04 Nov Some DNA Variants Raise Risk of Lupus But Protect Against Severe COVID
MedicalResearch.com Interview with:
Professor Tim Vyse
Professor of Molecular Medicine and
Dr David Morris
Non Clinical Lecturer in Molecular Genetics
Guy’s Hospital, London
MedicalResearch.com: What is the background for this study? What are the main findings?
Response: We observed a correlation between the genetic associations with severe COVID-19 and those with systemic lupus erythematosus (SLE, Lupus), and aimed to discover which genetic loci were shared by these diseases and what biological processes were involved. This resulted in the discovery of several genetic loci, some of which had alleles that were risk for both diseases and some of which were risk for severe COVID-19 yet protective for SLE.
The locus with most evidence of shared association (TYK2) is involved in interferon production, a process that is important in response to viral infection and known to be dysregulated in SLE patients. Other shared associated loci contained genes also involved in the defense response and the immune system signaling. These results add to the growing evidence that there are alleles in the human genome that provide protection against viral infection yet are risk for autoimmune disease.
MedicalResearch.com: What should readers take away from your report?
Response: The relationship between Lupus risk and COVID-19 outcome is complex with multiple areas of the genome being involved in altering risk for Lupus and COVID, some of which are shared. A few DNA variants were found to be risk for both diseases, whereas others were protective for severe COVID-19, yet risk for Lupus. The genes in the areas that of the genome that increased risk of Lupus and protected against severe COVID-19 are involved in a process known as interferon production. The immune system’s use of interferon is important in response to viral infection and known to be abnormally regulated in several autoimmune diseases, including lupus.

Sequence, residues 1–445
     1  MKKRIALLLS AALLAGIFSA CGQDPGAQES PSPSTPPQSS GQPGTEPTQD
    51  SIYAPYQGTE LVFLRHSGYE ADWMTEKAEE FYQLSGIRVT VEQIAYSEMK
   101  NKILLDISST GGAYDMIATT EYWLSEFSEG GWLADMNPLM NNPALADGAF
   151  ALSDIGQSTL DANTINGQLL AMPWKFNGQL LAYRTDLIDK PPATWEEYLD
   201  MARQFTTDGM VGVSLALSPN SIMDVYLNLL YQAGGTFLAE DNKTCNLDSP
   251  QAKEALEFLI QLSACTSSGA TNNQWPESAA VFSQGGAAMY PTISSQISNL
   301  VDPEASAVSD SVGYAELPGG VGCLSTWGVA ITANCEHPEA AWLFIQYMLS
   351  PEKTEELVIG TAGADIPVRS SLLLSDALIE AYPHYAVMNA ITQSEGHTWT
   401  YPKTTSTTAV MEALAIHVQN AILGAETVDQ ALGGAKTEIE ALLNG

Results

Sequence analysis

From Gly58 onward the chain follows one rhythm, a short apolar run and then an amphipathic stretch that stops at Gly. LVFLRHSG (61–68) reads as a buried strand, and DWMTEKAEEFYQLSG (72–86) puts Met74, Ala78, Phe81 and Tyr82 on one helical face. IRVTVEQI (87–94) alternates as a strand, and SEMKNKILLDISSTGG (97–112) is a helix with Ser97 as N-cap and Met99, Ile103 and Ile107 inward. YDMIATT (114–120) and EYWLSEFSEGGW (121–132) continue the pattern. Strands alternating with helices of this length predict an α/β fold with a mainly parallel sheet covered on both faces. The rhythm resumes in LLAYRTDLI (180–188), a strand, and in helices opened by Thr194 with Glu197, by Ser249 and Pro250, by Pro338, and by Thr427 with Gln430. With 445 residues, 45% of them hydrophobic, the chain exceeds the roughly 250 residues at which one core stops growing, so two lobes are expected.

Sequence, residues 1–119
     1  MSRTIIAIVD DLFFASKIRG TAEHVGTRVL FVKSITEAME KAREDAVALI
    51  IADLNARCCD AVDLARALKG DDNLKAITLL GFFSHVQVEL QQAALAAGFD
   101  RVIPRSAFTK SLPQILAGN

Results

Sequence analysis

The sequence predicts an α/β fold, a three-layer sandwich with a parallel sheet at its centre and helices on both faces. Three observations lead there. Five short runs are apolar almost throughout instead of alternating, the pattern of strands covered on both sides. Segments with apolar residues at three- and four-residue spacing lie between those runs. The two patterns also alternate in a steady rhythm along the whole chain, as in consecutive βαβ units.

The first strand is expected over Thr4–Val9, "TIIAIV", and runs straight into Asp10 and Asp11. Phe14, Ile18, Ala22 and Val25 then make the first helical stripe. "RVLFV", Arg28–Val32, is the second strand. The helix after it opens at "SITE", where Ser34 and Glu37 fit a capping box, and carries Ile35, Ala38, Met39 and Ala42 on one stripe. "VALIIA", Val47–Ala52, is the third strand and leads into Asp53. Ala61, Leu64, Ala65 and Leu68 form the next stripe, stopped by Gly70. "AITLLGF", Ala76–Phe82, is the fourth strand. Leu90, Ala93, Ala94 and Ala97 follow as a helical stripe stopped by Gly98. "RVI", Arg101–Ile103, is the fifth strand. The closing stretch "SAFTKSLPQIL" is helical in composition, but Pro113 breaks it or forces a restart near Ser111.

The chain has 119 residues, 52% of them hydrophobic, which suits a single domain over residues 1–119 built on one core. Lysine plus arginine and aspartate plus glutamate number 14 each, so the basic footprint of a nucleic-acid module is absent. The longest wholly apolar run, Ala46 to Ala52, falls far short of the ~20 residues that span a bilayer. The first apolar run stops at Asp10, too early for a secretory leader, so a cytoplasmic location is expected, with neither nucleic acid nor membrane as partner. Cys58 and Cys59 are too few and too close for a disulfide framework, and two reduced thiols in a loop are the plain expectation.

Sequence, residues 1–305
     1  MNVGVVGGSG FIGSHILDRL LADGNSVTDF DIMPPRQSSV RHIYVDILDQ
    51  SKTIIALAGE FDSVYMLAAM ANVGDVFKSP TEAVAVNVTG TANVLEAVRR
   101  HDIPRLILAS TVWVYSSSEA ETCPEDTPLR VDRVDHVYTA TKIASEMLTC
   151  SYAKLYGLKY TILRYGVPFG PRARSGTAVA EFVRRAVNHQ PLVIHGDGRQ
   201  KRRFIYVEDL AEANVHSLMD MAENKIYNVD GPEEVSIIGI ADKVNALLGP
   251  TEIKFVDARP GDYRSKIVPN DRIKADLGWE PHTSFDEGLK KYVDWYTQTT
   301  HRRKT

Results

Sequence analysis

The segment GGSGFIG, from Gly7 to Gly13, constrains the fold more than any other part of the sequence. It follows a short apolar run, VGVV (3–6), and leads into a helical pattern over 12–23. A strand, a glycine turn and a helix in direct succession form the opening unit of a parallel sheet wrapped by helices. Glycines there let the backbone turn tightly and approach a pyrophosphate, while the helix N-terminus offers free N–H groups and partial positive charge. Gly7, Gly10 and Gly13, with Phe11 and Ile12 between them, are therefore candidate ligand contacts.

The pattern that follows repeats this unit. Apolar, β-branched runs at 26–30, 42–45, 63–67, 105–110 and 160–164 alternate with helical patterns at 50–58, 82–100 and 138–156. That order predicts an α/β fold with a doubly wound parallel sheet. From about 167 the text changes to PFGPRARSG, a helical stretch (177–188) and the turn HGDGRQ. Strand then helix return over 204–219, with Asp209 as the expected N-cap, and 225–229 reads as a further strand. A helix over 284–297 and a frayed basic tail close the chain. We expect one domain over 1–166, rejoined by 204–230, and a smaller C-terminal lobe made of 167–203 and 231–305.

This is an exciting result made possible by the large genetic studies in COVID-19 and Lupus, and opens the door to our understanding of how the biology of the immune system is calibrated to protect us against infection from viruses and other infectious agents, but at the risk of developing autoimmune disease
MedicalResearch.com: What recommendations do you have for future research as a results of this study?
Response: An understating of the link between autoimmune disease and the risk of infectious disease will be improved by comparing large genetics studies of SLE and other autoimmune disease with genetic studies of other infectious diseases. Studies in the genetics of infectious diseases are challenging due to the strong environmental component to risk. However, population-based surveys detailed experiences with common infectious disease should provide valuable information.
The prevalence of SLE and severe COVID-19 varies over ancestry and sex. Larger studies in non-Europeans in both diseases are required to address cross ancestry differences. Studies on African populations will help identify specific genetic polymorphisms causal for both diseases in areas of the genome that we have identified as association yet are unable to explore in high enough resolution due to correlation in the genome, an issue that is helped by increasing diversity in samples for genetic association studies.
SLE is more prevalent in females while COVID-19 shows higher rates of infection and serious disease in males. Studies focused on sexual dimorphism in disease will help understand the causes of these two disease and others where a sex bias is observed.
MedicalResearch.com: Is there anything else you would like to add? Any disclosures?
Response: The relationship between infectious disease and autoimmune disease risk has long been debated, but a clear answer unforthcoming, to date. The pandemic nature of COVID has allowed scientists to study this question in a robust and meaningful way. The results of this study are strong evidence that there are genes in the human genome that provide protection against viral infection, but they do this at the expense (in a Darwinian sense) of being risk factors for autoimmune disease. Is this one explanation for why autoimmune diseases have persisted in the human population?
Wang Y, Guga S, Wu K, Khaw Z, Tzoumkas K, Tombleson P, et al. (2022) COVID-19 and systemic lupus erythematosus genetics: A balance between autoimmune disease risk and protection against infection. PLoS Genet 18(11): e1010253. https://doi.org/10.1371/journal.pgen.1010253
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Last Updated on November 4, 2022 by Marie Benz MD FAAD